Converting Matter into Mind: Alchemy and the Philosopher's Stone in Cognitive Science
William A. Dembski
Cognitive science condones an unhealthy alliance between philosophy and science. The philosophy driving cognitive science is a materialism committed to explaining man via computation. To justify this philosophy the cognitive scientist writes computer programs that attempt to capture intelligent human behavior. Computers are not cheap, however. To justify sizable research grants, cognitive scientists often make promises they cannot keep. The result is a conflict of interest. Overstatement, sloppiness, and tendentious jargon come to blur the distinction between genuine scientific progress and spurious philosophy. This essay examines the scientific and philosophical merits of cognitive science in light of the historic Judeo-Christian position on mind and body. (This paper appeared in the December 1990 issue of
Creation and Big Bang Cosmology
Dr. William Lane Craig
Recent discussions have raised the issue of the metaphysical implications of standard Big Bang cosmology. Grunbaum's argument that the causal principle cannot be applied to the origin of the universe rests on a pseudo-dilemma, since the cause could act neither before nor after t=0, but at t=0. Levy-Leblond's advocacy of a remetrication of cosmic time to push the singularity to - involves various conceptual difficulties and is in any case unavailing, since the universe's beginning is not eliminated. Maddox's aversion to the possible metaphysical implications of the standard model evinces a narrow scientism. Standard Big Bang cosmogeny does therefore seem to have those metaphysical implications which some have found so discomfiting.
The Creation-date Controversy
The Real Issue, September/October 1994
Dr. Hugh Ross discusses the question "Does the Genesis creation account force a wedge between faith and science?" Millions of devoted Christians find themselves painfully torn in the controversy surrounding the age of the earth.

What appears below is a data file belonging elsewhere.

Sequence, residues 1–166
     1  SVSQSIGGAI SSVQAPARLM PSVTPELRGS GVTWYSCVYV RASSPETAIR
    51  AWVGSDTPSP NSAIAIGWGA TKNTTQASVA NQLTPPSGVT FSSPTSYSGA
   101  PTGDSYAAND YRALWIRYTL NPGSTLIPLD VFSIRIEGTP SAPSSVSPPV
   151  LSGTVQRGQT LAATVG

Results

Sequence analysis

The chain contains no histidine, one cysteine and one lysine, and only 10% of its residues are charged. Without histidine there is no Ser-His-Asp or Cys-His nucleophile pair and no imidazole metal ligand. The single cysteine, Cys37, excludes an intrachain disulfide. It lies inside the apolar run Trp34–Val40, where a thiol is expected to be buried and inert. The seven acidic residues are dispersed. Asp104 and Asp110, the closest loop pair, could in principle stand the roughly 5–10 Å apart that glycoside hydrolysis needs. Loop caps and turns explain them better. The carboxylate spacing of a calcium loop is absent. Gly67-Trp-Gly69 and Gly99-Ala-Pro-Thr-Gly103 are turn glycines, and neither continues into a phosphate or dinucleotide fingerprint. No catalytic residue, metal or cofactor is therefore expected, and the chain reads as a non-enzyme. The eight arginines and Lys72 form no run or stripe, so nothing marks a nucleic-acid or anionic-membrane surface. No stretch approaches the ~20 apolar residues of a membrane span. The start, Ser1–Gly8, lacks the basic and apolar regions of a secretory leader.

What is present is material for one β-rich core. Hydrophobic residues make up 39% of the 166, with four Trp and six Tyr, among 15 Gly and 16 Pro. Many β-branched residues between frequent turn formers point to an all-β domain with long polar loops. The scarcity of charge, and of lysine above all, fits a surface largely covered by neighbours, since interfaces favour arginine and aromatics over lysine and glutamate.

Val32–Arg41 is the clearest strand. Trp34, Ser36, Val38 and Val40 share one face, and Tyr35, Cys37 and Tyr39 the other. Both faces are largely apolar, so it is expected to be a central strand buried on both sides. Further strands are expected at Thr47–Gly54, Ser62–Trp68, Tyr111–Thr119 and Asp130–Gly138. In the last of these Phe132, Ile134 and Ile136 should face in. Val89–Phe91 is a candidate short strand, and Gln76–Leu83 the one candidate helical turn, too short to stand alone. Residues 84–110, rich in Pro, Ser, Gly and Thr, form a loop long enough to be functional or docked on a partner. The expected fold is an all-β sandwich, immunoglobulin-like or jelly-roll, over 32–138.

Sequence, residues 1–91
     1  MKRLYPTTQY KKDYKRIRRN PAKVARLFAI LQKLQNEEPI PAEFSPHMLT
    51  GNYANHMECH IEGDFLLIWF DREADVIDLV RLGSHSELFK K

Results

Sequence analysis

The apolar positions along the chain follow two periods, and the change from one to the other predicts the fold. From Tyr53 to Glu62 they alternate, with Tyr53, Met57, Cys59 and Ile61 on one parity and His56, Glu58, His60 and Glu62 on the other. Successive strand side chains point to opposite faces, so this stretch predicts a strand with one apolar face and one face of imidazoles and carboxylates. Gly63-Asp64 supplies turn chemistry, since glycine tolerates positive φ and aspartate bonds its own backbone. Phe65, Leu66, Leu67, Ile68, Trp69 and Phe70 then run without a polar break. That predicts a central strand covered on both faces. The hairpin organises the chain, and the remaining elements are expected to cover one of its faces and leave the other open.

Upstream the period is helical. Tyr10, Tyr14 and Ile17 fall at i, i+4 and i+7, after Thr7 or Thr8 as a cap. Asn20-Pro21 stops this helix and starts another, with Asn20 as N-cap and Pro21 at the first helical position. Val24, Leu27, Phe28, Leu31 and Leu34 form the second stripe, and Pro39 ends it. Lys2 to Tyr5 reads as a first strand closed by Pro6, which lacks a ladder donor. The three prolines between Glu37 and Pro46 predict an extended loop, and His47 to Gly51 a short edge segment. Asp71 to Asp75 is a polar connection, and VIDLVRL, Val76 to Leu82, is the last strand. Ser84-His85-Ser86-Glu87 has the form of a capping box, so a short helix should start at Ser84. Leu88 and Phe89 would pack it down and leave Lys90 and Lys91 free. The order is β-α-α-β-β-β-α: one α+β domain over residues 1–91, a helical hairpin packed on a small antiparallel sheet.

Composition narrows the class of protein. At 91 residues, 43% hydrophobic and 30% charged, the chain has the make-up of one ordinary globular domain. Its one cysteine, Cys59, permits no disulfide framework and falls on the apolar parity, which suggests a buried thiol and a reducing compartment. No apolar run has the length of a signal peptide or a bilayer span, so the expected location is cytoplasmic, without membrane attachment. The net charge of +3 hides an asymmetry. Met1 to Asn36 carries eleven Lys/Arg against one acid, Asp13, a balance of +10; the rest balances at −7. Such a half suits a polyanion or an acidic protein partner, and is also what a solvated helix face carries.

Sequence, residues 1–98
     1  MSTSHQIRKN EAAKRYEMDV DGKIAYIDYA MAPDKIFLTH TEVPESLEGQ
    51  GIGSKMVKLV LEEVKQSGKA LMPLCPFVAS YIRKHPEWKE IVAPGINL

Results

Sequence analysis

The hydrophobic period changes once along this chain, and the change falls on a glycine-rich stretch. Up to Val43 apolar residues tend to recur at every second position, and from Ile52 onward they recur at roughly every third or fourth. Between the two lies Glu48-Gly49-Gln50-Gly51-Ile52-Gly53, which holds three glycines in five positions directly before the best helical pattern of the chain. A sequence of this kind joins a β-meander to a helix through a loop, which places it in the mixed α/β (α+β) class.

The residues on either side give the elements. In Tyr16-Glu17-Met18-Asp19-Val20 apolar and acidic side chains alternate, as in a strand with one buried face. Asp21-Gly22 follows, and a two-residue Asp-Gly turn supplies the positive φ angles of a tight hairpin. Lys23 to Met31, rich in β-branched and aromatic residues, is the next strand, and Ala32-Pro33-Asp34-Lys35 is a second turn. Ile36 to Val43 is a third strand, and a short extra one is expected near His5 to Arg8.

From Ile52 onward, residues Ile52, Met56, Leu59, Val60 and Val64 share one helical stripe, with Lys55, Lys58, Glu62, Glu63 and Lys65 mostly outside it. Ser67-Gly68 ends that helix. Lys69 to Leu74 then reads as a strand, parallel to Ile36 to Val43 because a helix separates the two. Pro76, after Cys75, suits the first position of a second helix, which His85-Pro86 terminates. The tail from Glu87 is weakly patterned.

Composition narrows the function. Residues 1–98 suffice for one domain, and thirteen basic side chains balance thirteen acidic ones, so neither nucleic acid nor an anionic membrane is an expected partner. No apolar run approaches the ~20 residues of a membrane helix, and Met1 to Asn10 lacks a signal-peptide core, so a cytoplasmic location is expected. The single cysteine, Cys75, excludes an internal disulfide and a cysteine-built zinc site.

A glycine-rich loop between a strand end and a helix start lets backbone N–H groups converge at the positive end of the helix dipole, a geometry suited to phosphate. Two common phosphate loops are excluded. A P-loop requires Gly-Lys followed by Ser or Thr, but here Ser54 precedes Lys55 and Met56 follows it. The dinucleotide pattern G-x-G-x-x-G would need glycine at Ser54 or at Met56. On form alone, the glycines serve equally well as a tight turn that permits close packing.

DNA: The Message in the Message
First Things, June/July 1996
How might one, creationist Christian or not, explain the origin of the complex message structure in DNA? The author briefly reviews recent literature on the subject. Current researchers basically attempt to explain the genetic code phenomena strictly in
Darwinism and Theism
Darwinism: Science or Philosophy
No abstract available for this article
Darwinism's Rules of Reasoning
Darwinism: Science or Philosophy
No abstract available for this article
The Design Inference
William A. Dembski
How can we identify events due to intelligent causes and distinguish them from events due to undirected natural causes? If we lack a causal theory, how can we determine whether an intelligent cause acted? This book presents a reliable method for detecting intelligent causes: the design inference.
Design as a Research Program
William A. Dembski
Contrary to popular accusations by critics, intelligent design theory suggests a number of questions that can be pursued as part of a research program. This article contains fourteen such questions.
The Designed 'Just So' Universe
Walter L. Bradley, Ph.D.
This article provides a clear indication of what is meant by design and then summarizes the factual basis from cosmology that our universe is indeed uniquely designed as a habitat for life in general and humans in particular.
Designed or Designoid
Walter L. Bradley
Not every facet of nature that appears designed is merely a designoid, but rather nature includes facets that may rightly be regarded as designed. From Chapter 1 of the book "Mere Creation: Science, Faith, and Intelligent Design," edited by William A. Dembski.
Detecting Design?: A First Response to Elliott Sober
William A. Dembski